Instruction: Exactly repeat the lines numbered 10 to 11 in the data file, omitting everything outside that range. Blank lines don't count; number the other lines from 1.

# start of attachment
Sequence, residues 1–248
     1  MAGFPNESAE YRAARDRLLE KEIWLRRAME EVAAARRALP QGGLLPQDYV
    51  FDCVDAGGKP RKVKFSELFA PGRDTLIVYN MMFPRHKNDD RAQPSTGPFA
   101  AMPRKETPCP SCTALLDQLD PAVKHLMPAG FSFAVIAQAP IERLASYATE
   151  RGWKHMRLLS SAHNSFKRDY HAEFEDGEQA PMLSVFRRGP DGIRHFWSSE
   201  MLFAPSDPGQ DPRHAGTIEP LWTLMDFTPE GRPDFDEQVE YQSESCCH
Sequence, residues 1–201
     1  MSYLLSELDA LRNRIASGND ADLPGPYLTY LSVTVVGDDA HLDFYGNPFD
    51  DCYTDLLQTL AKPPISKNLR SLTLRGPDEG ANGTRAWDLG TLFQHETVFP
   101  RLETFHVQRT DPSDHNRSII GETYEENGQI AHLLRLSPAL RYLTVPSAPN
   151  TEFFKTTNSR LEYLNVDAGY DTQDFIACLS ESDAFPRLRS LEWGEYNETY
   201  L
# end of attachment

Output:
   101  RLETFHVQRT DPSDHNRSII GETYEENGQI AHLLRLSPAL RYLTVPSAPN
   151  TEFFKTTNSR LEYLNVDAGY DTQDFIACLS ESDAFPRLRS LEWGEYNETY